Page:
Savoy Books, a small avant-garde SF British publishing house with connections to Michael Moorcock, has just published a gigantic collection of his essays. At about 800 pages and $75 a copy, plus postage, it's neither for the faint of heart nor the casual fan, so the review in last week's Spectator will probably have to serve for most of us.
Lots of cool quotes:
......he has ‘never been much at ease’ with science fiction. A natural writer, from the age of eight he was steeped in Dickens, Wodehouse and Richmal Crompton’s William books — but it is ‘probably fair to say that I owe my career to Edgar Rice Burroughs’. At 14 Moorcock produced a fanzine called Burroughsania, and by 16 he was a regular contributor to Tarzan Adventures magazine. ‘Between the ages of 17 and 20,’ he recalls, ‘I was able to earn almost any amount of money by writing … and became a fairly dissolute teenager for a while.’ It was only at 20, when he was blacklisted for bolshieness at IPC, that he was ‘forced to turn to science fiction’.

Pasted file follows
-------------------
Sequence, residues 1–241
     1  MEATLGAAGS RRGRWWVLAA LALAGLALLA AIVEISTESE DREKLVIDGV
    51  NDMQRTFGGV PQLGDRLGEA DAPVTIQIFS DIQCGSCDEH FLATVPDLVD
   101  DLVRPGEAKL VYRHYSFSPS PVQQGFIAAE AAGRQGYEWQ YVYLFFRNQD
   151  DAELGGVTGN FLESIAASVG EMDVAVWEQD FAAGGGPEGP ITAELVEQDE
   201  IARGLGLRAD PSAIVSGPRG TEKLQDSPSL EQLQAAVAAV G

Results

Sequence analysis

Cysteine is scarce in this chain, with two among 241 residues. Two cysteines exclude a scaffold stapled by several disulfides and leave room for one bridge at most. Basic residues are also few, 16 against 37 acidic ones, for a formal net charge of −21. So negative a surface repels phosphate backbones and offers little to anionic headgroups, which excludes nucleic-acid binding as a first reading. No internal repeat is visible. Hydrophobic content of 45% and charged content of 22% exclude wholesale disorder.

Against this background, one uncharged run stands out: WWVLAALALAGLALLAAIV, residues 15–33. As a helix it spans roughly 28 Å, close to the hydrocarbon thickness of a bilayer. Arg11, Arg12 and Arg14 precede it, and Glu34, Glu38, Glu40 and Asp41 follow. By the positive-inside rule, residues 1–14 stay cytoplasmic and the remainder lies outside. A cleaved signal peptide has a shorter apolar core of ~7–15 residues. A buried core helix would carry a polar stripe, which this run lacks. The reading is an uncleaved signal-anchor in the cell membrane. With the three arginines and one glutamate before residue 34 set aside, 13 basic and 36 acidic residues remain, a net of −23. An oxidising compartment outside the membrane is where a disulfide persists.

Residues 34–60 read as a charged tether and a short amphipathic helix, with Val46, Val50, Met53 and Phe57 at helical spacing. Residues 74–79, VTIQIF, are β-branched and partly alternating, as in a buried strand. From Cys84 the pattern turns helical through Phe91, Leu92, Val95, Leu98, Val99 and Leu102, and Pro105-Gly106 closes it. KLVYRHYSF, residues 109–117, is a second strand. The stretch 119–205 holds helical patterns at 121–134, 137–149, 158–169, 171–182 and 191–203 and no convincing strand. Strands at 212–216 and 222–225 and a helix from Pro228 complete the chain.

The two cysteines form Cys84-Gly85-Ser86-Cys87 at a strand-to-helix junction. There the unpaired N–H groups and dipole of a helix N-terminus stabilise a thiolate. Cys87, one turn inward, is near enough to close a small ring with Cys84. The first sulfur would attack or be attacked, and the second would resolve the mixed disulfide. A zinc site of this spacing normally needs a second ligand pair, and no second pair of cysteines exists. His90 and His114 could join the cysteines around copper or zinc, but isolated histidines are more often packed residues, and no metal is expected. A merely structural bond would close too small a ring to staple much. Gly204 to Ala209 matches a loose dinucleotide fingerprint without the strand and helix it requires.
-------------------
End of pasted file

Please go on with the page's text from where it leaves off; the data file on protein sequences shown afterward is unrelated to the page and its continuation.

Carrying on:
.......in ‘Epic Pooh’ he writes that he is unconvinced of Sauron’s evil, since ‘anyone who hates hobbits can’t be all bad’
He is very funny about his stint as a script writer in Hollywood, and interestingly prefers LA to San Francisco. (‘Only Geneva and Amsterdam are neater.’)
Moorcock is elegant and aggressive (‘badly educated people are suspicious of ambiguity’), consistently entertaining, and frequently wise and generous. He is generally sound on religion and politics, despising Blair more than Thatcher, for example.